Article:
Uncertainties of T CMB measurements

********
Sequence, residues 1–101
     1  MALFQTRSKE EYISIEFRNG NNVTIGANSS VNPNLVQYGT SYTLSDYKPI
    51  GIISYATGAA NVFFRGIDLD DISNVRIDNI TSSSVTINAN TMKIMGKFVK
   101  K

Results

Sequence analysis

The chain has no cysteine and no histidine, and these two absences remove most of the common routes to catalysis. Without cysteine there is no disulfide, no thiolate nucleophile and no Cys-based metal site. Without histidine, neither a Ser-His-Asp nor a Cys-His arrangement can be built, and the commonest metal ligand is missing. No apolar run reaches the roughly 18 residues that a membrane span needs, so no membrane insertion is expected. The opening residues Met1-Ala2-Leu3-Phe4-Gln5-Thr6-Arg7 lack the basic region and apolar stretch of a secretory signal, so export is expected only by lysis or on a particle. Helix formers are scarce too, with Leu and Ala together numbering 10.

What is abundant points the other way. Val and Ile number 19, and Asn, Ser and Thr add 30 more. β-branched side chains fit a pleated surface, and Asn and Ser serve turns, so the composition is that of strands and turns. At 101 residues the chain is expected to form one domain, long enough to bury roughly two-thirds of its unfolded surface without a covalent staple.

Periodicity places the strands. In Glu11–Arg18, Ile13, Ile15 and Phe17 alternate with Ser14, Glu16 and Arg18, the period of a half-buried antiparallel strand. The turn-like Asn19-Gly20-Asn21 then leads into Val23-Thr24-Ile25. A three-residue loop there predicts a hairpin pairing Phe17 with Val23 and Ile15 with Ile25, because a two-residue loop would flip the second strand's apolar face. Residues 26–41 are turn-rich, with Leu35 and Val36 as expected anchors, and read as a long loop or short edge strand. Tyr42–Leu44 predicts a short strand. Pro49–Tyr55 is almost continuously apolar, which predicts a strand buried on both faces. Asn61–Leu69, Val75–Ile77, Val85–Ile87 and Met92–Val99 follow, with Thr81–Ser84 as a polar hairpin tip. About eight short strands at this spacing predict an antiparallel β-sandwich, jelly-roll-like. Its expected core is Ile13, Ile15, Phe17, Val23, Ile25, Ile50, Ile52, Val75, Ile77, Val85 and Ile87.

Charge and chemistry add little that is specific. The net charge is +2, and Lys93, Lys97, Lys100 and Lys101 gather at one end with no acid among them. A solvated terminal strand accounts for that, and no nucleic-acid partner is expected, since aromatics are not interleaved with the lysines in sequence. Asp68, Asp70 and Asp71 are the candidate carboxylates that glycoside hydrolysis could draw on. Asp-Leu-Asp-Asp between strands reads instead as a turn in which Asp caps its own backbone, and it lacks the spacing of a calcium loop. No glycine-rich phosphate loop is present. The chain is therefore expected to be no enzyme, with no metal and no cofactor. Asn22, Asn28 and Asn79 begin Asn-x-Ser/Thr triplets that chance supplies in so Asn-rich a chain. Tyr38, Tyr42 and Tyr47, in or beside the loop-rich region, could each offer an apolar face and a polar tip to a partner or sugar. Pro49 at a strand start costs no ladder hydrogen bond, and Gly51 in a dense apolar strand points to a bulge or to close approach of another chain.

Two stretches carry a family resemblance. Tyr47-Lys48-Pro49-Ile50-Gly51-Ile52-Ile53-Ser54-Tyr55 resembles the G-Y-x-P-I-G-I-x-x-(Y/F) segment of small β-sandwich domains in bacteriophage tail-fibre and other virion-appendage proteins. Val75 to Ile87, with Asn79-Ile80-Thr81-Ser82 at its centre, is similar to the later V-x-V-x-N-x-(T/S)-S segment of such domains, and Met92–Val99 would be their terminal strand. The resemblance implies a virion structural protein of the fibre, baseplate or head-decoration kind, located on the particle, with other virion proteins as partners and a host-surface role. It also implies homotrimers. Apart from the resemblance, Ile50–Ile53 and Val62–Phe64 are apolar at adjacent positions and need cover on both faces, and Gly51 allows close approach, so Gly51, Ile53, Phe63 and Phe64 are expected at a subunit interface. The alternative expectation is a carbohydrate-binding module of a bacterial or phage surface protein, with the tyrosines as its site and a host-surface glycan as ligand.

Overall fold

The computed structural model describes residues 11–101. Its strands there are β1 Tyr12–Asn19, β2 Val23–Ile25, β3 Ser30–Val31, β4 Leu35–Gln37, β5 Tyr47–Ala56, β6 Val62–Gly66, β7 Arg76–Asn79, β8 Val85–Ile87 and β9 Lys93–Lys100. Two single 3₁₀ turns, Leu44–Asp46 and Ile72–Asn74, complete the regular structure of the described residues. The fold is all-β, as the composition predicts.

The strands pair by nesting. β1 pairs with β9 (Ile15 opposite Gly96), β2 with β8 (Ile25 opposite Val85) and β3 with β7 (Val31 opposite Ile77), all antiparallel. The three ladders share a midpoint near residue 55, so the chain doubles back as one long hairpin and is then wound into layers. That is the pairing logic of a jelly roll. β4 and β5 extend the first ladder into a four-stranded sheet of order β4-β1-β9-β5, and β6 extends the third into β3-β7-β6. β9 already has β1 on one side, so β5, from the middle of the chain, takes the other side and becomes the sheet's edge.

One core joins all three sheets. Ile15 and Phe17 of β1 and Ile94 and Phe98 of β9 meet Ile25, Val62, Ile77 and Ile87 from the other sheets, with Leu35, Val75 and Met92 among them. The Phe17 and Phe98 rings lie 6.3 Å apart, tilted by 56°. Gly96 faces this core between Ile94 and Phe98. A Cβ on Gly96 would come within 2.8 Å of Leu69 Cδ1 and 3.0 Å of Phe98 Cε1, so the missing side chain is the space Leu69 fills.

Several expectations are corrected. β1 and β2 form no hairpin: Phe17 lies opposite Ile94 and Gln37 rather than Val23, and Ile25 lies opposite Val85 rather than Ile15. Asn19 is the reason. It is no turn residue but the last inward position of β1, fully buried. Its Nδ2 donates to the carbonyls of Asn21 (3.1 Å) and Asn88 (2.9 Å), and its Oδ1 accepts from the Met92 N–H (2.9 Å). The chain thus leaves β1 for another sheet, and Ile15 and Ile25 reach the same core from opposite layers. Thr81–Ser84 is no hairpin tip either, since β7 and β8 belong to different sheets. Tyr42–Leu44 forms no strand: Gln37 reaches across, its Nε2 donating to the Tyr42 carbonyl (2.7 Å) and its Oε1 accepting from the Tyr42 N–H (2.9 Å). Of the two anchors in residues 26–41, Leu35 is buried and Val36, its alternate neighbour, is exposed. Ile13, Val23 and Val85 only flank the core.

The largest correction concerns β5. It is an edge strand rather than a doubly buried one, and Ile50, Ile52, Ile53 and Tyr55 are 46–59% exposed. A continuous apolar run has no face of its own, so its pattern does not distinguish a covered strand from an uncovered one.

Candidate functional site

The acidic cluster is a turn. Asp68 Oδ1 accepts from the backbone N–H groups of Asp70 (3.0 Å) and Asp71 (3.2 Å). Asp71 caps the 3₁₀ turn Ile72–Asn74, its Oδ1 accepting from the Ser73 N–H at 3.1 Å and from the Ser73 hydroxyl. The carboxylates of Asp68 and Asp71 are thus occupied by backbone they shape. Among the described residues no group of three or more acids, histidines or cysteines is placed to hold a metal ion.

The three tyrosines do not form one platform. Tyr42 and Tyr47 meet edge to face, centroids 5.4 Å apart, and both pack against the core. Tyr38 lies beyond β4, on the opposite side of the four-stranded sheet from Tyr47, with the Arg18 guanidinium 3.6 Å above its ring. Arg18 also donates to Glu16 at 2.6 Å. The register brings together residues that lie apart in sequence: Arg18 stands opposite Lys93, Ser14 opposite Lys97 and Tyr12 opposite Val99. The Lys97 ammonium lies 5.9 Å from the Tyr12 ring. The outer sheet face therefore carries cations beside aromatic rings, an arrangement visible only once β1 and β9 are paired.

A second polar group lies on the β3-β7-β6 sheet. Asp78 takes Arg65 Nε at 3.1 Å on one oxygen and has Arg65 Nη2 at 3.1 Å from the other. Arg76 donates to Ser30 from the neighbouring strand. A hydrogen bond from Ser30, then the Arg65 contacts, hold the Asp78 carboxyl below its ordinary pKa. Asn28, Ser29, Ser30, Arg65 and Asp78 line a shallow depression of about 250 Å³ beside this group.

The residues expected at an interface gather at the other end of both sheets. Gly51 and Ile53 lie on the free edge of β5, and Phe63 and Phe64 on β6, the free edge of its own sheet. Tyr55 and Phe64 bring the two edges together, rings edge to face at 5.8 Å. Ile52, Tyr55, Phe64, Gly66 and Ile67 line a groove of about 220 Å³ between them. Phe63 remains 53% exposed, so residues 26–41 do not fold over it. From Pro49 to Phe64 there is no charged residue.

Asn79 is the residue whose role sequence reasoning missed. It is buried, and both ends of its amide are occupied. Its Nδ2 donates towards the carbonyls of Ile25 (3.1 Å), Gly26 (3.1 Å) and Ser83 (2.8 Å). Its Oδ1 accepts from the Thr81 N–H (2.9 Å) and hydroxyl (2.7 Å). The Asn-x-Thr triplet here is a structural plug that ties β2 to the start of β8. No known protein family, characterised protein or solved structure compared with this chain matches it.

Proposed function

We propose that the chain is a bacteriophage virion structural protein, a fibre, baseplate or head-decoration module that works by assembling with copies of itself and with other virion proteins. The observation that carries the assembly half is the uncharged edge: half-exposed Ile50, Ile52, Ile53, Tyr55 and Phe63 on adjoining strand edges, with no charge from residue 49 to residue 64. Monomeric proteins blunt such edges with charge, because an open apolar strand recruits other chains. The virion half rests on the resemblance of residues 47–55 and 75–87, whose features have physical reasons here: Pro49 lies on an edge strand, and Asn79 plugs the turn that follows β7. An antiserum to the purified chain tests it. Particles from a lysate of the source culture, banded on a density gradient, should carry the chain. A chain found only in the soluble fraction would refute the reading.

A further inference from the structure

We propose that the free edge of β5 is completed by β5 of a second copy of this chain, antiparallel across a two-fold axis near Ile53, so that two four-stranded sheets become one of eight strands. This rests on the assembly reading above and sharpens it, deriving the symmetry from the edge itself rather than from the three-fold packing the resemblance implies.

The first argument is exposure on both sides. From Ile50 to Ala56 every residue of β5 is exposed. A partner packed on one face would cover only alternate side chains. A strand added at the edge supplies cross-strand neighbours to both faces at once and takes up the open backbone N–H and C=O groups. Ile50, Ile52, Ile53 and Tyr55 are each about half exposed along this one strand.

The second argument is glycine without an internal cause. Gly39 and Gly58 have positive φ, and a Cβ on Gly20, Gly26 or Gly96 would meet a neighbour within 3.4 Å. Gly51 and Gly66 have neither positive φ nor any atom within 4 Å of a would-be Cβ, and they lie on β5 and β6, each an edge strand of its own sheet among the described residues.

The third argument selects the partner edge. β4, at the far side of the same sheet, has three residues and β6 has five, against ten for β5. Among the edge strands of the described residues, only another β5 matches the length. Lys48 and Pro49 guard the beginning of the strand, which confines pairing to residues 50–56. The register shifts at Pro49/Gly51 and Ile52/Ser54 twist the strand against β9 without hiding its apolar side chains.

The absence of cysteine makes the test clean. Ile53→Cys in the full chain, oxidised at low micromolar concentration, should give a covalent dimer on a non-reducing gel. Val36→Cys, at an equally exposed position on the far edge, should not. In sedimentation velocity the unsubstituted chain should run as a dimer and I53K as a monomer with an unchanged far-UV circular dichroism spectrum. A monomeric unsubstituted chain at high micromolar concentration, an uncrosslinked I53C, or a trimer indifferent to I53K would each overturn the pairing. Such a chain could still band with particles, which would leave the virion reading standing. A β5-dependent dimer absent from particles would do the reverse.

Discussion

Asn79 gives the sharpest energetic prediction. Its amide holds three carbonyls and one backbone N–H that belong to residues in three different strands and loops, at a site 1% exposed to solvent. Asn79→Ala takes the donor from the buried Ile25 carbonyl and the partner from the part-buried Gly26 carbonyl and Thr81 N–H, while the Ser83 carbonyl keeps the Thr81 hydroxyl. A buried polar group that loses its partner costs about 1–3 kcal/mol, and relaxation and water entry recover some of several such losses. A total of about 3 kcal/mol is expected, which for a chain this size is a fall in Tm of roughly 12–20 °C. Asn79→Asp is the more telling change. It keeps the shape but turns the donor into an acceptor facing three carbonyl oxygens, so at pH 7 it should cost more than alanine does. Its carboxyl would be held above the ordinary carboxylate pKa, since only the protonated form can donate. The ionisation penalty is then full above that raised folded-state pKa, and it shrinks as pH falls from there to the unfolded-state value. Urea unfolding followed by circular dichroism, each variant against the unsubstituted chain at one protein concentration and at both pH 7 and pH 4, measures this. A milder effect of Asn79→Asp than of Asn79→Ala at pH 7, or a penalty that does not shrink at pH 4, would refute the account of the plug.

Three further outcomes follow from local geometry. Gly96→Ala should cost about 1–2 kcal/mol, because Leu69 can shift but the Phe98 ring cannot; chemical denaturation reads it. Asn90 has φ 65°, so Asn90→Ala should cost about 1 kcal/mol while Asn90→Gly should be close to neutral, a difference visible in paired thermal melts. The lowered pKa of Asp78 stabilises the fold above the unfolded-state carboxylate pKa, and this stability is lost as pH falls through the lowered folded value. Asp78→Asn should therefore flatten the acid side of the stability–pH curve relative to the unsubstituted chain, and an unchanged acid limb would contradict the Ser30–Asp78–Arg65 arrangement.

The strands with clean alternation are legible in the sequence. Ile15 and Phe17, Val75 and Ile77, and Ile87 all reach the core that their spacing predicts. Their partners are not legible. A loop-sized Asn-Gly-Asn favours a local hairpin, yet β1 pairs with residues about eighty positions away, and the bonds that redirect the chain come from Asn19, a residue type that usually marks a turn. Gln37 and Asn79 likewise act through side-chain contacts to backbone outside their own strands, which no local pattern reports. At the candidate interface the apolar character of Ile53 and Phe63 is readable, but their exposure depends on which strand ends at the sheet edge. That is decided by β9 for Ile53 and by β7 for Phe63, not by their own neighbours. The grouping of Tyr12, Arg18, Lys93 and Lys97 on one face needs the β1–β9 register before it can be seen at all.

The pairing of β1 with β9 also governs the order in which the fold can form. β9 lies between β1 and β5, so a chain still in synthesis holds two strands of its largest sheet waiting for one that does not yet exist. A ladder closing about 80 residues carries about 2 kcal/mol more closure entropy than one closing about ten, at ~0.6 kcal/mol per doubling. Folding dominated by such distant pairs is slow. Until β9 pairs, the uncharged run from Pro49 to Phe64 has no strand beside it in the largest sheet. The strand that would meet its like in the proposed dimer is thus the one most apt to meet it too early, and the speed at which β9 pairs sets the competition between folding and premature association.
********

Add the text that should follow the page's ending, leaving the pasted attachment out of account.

The uncertainties shown for the literature data in Fig. 4 are adopted from the literature sources without modification, and they typically represent the statistical uncertainties from the individual measurements or sample averages. Individual cluster measurements of the thermal SZ effect may be affected by dust associated with foreground galaxies or the Milky Way, the galaxy clusters or background galaxies that may be amplified by gravitational lensing, uncertainties in the reconstruction of the Compton-y parameter maps due to flux uncertainties, radio emission due to active galactic nuclei and/or relics, the kinetic and relativistic SZ effects, and general bandpass and calibration uncertainties17. Furthermore, uncertainties on the cluster geometry—and therefore line-of-sight travel distance of the CMB photons through the cluster—and on the temperature of the intra-cluster gas limit the precision of individual SZ measurements. Sample averages may also be affected by systematics in the stacking procedures. Individual data points deviate by up to at least two standard deviations from the trend, which may indicate residual uncertainties beyond the statistical error bars provided, such that the error bars shown in Fig. 4 are underestimated. The main source of uncertainty for the ultraviolet absorption-line-based measurements are due to the assumption of no collisional excitation, which is not taken into account in the statistical uncertainties shown in Fig. 4. Attempts to take this effect into account appear to suggest substantially larger uncertainties than indicated by individual error bars27 (Fig. 4). To expand on earlier estimates21, we have calculated RADEX models for typical Tkin, n(H) and column densities found from [CI] measurements in the diffuse interstellar medium34, which suggests that collisional excitation contributes to the predicted Tex of the lower fine-structure transition. Although we show the original unmodified data, the ultraviolet-based measurements are therefore subject to uncertainties due to model-dependent excitation corrections in addition to the statistical uncertainties. Furthermore, the fine-structure levels of tracers like the [CI] lines can be excited by ultraviolet excitation and following cascades. To constrain TCMB based on these measurements, the kinetic temperature, particle density and local ultraviolet radiation field must be known, and are typically determined based on tracers other than the species used to constrain TCMB. Also, some measurements are based on spectrally unresolved lines, which limits the precision of kinetic temperature measurements based on thermal broadening21. Owing to these uncertainties, the ultraviolet absorption-line-based measurements are probably consistent with the standard ΛCDM value, but they do not constitute a direct measurement of TCMB without notable further assumptions. For reference, the median TCMB/(1 + z) estimate based on the [CI] measurements alone (excluding upper limits) is 3.07 K, with a median absolute deviation of 0.09 K and a standard deviation of 0.31 K. Therefore the current sample median deviates from the ΛCDM value by about one standard deviation. A combination of the (uncorrected) measurements based on CO, [CI] and [CII] provides a median value of 2.84 K, with a median absolute deviation of 0.15 K and a standard deviation of 0.25 K. This highlights the importance of the corrections discussed above and in the literature and the value of measurements with systematic uncertainties that differ from this method to obtain a more complete picture. The main source of uncertainty of the H2O-based measurements, beyond the caveats stated in the line-excitation-modelling section, are the statistical uncertainties on the source size, the lack of a direct measurement of the absorbing H2O column density, variations in the dust mass absorption coefficient and the filling factor. Given the high metallicity suggested by other molecular line detections, the limitation to high filling factors due to the source size and the constraint on the gas mass from dynamical mass measurements, the main source of uncertainty resides in the source size due to limited spatial resolution in the current data. As such, major improvements should be possible by obtaining higher, (sub-)kpc resolution (that is, <0.2”) imaging with the Atacama Large Millimeter/submillimeter Array (ALMA; for other targets) and planned upgrades to NOEMA, and, in the future, with the Next Generation Very Large Array (ngVLA). Statistical uncertainties will also be greatly reduced by observing larger samples of massive star-forming galaxies over the entire redshift range where measurements are possible, closing the gap to SZ-based studies, which are currently limited to z < 1. The resulting improvement in precision will provide the constraints that are necessary to confirm or challenge the evolution of the CMB temperature with redshift predicted by standard cosmological models.